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Kidney transplant forges bond between donor and recipient

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Vancouver, BC – Two years ago Vancouver model Savilla Kress received the gift of life – a donated kidney for transplant – from someone she hardly knew.  Today she calls the donor, Las Vegas‐based performer and model Stephen McClelland, an angel and her hero.
“We have a special bond of friendship which can never be broken,” says Kress.   

“Savilla and I are like brother and sister now,” says McClelland. “I love it!”

Kress was 41 when, after 20 years of living with kidney disease, her kidneys failed and she was forced to start peritoneal dialysis.
McClelland first learned about Kress’s health condition and her desire for a kidney transplant when she changed her profile on a modelling website. “I thought photographers should know I had a visible dialysis tube in my abdomen,” says Kress. In an email to her, McClelland suggested Kress include her blood type on her web profile, and when he discovered his blood type was a match, he made the offer.
Kress was shocked. “I asked him why he would give a kidney to someone he had never met and he said, ‘If you saw someone drowning in a lake, would you save them or let them die?’”

The first time McClelland and Kress met face to face was when he came to Vancouver in September 2008 for some final tests prior to the transplant operation.  “It was like meeting someone you’ve known your whole life,” he says. “We had a lot of things in common.”

Of course today, the two have much more in common.
For Kress, who designs and models swimwear, receiving McClelland’s kidney enabled the removal of her dialysis catheter and provided significant benefits for both her health and her career.  Meanwhile, the scars she and McClelland share from the transplant operation remain as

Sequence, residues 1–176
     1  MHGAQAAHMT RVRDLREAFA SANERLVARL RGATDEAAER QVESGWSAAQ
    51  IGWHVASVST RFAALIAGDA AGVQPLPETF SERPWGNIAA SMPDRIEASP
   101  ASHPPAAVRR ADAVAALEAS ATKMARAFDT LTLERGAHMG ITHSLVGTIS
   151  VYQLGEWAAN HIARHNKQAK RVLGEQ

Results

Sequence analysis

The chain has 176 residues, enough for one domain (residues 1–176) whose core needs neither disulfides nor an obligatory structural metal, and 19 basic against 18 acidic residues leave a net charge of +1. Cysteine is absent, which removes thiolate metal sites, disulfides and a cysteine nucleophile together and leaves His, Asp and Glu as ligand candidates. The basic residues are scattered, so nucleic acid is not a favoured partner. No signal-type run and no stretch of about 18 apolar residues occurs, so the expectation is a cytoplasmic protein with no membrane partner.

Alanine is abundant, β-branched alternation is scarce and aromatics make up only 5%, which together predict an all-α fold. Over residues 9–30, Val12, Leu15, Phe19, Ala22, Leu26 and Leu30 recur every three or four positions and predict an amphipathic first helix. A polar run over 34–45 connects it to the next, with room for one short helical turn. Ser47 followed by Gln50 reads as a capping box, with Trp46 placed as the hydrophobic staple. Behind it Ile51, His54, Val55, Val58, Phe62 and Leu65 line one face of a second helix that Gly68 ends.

a visible reminder of their essential connection.


Kevin Noel  
BC Renal Agency  
(604) 873‐1353

Allison Colina
BC Transplant
(604) 877‐6272


How many people have kidney disease in BC?
An estimated 200,000 British Columbians have some level of kidney disease, and most do not know it. Over 90 percent have no symptoms.   

What is the health risk for someone unaware of their kidney disease?
A person can have kidney disease for years and not know it. Without treatment, over time their kidney function will gradually deteriorate until their kidneys no longer function properly and they need kidney replacement therapy.   

What are some of the symptoms to look for?
In the early stages of kidney disease, many individuals experience no symptoms. However, common early symptoms of kidney disease include: foamy or bloody urine; a frequent need to urinate at night; headaches; and puffy eyes or ankles.  

Why is early detection of the disease important?
Early diagnosis and treatment of kidney disease are essential for achieving the best health outcomes. In the early stages of the disease, medication and changes to diet and lifestyle can slow or even stop its progression.     

Where can I learn more about kidney disease?​  

How many people are in need of a kidney transplant in BC?
Currently, over 300 British Columbians are waiting for a life changing kidney transplant

How many kidney transplants are performed in BC each year?
In 2010 BC Transplant performed a record number —189—kidney transplants. Of those, 97 transplants were made possible through living donation.  

How can I learn more about living kidney donations?
Each year, in BC, there are more living donor kidney transplants performed compared to deceased donation kidney transplants. If you’d like to learn more about living donation visit

How do I register to be an organ donor in BC?
Registering to be an organ donor in BC is easy, it takes seconds online at  




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